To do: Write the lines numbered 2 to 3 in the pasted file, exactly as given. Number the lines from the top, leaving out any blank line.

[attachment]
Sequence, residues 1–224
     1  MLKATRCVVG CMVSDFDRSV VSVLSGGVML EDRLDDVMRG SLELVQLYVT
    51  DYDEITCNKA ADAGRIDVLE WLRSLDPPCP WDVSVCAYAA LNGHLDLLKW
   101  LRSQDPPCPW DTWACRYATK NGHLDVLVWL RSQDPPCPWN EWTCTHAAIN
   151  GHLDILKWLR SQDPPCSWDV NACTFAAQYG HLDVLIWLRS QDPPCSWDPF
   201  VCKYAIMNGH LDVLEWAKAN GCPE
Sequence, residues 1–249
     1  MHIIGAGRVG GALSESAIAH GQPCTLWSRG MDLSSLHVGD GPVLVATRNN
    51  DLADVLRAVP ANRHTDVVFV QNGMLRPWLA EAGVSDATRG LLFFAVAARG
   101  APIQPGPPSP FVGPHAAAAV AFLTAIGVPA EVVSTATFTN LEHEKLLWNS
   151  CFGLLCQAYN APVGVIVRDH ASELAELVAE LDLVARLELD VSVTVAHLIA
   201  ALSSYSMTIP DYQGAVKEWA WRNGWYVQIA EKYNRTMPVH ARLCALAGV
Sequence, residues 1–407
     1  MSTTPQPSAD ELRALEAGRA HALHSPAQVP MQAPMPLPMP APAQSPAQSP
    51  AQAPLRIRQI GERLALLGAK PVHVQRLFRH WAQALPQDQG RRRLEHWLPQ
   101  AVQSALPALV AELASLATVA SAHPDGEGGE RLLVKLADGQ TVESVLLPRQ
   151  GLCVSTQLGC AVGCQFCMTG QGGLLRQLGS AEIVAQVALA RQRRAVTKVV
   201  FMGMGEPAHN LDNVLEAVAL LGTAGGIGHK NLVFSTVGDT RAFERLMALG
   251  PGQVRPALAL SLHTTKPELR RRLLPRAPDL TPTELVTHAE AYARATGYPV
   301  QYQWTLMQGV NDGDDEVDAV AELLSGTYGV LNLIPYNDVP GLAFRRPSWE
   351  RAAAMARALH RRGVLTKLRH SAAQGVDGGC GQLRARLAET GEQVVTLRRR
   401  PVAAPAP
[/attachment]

     1  MLKATRCVVG CMVSDFDRSV VSVLSGGVML EDRLDDVMRG SLELVQLYVT
    51  DYDEITCNKA ADAGRIDVLE WLRSLDPPCP WDVSVCAYAA LNGHLDLLKW